Some of us spend a great deal of our lives waiting for or seeking “permission to begin” from others. It’s a subtle thing. It actually stops us from starting. Waiting for permission—or even allowing others to give permission—for us to realize our dreams, sometimes even to begin to dream rather than simply be safe and dutiful, can be a great waste of self and human life energy. When one realizes this, questions abound. One question is “How important is that permission, really?” Another one might be, “Are we willing to be gated by others in our dreams?”
It’s certainly important to listen to trusted members of your community. And, of course, that community can be selected for self-endorsement—a community of “yes-persons” rather than real friends and colleagues. One of the greatest challenges for any change agent is that the core group so many theorists recommend that we assemble to buttress ourselves against the stiff winds opposing any change or progress can be just as deluded as we ourselves are. In evaluating your pantheon of supporters, you might want to think about whether there are those among your advisors who are willing to ask you difficult questions and provide contrarian feedback in a way that is useful to you. And, you might want to ask yourself whether you are open to such information.
I was surprised recently by a Harvard Business Review blog network post that recommended To Succeed, Forget Self-Esteem. The author, well-credentialed though she is, seemed to be flying in the face of much established understanding of self-esteem, indicating that self-esteem is outmoded in the pursuit of success and ought to be replaced by self-compassion, itself a worthy capacity. Authentic self-esteem is based on a bedrock that includes a history of testing one’s limits so that one understands one’s capabilities. The process of achieving self-esteem is also profitably enriched by recovering from failures of those tests in a manner that adds to our self-knowledge and knowledge of the world around us and how we are in it.
The permission we most need comes from within. To go forward with confidence, we need the self-esteem that comes from risking, failing and recovering (no matter how difficult and embarrassing), or succeeding with grace (not hubris).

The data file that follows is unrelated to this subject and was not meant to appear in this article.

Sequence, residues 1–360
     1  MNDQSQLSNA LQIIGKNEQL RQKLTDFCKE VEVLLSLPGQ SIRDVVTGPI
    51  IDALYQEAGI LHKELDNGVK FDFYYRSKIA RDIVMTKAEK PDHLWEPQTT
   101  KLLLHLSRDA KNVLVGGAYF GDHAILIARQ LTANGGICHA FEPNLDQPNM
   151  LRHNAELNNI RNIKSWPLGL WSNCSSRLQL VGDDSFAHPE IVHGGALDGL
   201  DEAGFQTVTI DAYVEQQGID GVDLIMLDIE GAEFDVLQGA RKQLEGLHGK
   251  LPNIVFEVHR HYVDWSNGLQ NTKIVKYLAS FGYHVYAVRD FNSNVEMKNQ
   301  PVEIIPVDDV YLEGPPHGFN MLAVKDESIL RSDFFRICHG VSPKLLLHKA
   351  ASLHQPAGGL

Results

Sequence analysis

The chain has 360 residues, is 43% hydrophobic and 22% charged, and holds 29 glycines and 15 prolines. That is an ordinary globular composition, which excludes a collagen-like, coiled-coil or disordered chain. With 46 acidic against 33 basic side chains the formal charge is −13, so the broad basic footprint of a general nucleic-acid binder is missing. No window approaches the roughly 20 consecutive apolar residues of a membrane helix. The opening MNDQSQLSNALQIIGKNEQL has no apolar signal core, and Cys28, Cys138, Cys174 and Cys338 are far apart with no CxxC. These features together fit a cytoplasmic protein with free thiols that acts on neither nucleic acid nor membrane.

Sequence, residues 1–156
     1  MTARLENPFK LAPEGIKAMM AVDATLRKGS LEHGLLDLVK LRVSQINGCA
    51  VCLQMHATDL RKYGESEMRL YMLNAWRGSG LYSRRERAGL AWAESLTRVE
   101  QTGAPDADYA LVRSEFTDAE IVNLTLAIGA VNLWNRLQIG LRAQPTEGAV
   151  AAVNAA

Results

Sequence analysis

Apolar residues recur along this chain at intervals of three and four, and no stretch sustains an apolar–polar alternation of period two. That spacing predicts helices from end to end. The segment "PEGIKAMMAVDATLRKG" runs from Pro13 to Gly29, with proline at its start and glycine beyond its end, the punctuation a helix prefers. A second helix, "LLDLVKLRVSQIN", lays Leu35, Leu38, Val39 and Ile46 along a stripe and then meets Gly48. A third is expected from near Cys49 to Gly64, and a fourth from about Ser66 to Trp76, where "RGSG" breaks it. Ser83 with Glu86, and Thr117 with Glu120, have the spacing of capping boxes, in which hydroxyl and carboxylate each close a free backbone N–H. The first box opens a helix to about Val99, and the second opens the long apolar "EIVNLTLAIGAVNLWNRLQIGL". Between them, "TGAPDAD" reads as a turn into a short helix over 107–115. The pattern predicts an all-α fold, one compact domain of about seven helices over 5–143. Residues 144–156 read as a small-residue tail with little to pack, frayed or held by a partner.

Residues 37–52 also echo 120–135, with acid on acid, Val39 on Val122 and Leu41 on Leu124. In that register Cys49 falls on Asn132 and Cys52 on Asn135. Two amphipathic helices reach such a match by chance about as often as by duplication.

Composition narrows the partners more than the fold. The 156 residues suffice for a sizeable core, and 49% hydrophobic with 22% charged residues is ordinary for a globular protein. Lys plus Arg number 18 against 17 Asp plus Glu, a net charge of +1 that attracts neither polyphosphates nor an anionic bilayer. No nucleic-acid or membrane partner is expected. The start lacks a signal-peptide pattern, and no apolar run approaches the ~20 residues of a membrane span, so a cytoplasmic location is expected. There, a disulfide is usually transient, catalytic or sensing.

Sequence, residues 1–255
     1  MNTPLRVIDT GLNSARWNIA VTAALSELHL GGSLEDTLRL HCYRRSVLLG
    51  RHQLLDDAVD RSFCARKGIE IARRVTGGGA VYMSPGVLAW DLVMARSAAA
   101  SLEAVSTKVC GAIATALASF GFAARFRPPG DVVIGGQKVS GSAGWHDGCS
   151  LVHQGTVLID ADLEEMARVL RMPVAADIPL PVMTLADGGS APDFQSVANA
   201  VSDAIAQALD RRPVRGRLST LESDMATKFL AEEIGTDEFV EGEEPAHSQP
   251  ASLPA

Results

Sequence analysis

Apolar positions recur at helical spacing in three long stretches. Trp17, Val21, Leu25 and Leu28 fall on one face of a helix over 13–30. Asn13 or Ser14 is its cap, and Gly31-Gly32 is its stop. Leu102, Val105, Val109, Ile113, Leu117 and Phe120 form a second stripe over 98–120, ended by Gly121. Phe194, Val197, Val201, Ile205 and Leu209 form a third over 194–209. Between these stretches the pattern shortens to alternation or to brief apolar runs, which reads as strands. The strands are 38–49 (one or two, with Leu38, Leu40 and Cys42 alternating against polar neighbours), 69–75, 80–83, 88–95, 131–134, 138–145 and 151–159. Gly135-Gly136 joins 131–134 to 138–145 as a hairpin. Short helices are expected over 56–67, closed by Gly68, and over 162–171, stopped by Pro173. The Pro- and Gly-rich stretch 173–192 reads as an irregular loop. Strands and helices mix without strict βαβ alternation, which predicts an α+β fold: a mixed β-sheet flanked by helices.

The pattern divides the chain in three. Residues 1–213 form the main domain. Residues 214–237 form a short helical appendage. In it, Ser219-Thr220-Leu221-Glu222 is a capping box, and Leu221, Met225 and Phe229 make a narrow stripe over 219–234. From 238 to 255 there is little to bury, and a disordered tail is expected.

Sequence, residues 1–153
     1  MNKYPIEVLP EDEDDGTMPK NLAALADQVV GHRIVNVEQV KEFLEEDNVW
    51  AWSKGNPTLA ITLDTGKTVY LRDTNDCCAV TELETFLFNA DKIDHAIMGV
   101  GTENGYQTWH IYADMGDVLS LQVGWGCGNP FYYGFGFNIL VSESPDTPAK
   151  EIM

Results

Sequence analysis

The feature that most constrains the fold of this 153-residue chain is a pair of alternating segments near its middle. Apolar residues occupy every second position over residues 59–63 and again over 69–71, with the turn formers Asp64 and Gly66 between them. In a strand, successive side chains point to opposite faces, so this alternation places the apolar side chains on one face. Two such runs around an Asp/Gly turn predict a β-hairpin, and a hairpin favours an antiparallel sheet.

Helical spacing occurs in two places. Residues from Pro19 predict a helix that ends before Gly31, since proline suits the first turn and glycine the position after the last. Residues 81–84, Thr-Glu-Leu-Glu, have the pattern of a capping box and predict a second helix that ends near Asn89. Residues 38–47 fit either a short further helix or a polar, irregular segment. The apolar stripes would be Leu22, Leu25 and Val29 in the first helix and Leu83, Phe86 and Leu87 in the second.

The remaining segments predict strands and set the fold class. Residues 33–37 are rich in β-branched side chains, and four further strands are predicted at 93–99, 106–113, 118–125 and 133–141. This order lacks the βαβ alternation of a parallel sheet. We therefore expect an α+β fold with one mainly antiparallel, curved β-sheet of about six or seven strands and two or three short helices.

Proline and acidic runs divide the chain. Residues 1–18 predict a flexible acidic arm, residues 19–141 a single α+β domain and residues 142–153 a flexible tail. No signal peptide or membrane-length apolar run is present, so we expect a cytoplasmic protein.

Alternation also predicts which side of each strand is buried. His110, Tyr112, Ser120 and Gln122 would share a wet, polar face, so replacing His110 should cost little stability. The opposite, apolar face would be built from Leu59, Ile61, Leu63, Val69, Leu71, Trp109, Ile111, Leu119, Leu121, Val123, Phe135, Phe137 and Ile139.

Yes, self-esteem is often built through good child rearing practices, but many of us were the early experiments of our parents who may not have been quite grown up themselves, yet, so that good old-fashioned pulling yourself up by your own bootstraps tenacity and openness to learning is essential for pretty much everyone. Coaches can help, therapists can help, teachers, mentors, getting certifications and degrees can help, but ultimately, none of this will be enough if you do not decide for yourself that you are enough to meet the challenge before you.
Permission seeking can be a way of avoiding taking the first step in contributing what we have to offer. As one wise mentor said to me at a critical moment: “It looks like you are missing opportunities to lead.” Hmmm. Well, that sure sounds irresponsible if leadership is needed at the time. R.K. Greenleaf wrote that the greatest danger was that of “strong natural servants who have the potential to lead but do not lead, or who choose to follow a non-servant.” The desire to serve may sometimes best be fulfilled by leading.
Whether what you wait for is permission to begin to lead or permission to begin a gluten free custom baking service, know that you are at the center of this permission giving process. Permission given by others can be taken back just when you need it most. Yes, it’s important to have comrades and supporters—friends who will care and have the courage to hold up a mirror for you in the way that you can really see yourself. But ultimately, we all walk alone at some point, and if we don’t realize that we can work the switch and carry the flashlight for ourselves, we will stay in every dark night until the dog standing at the door begging for a walk grows old and dies—and then we follow suit.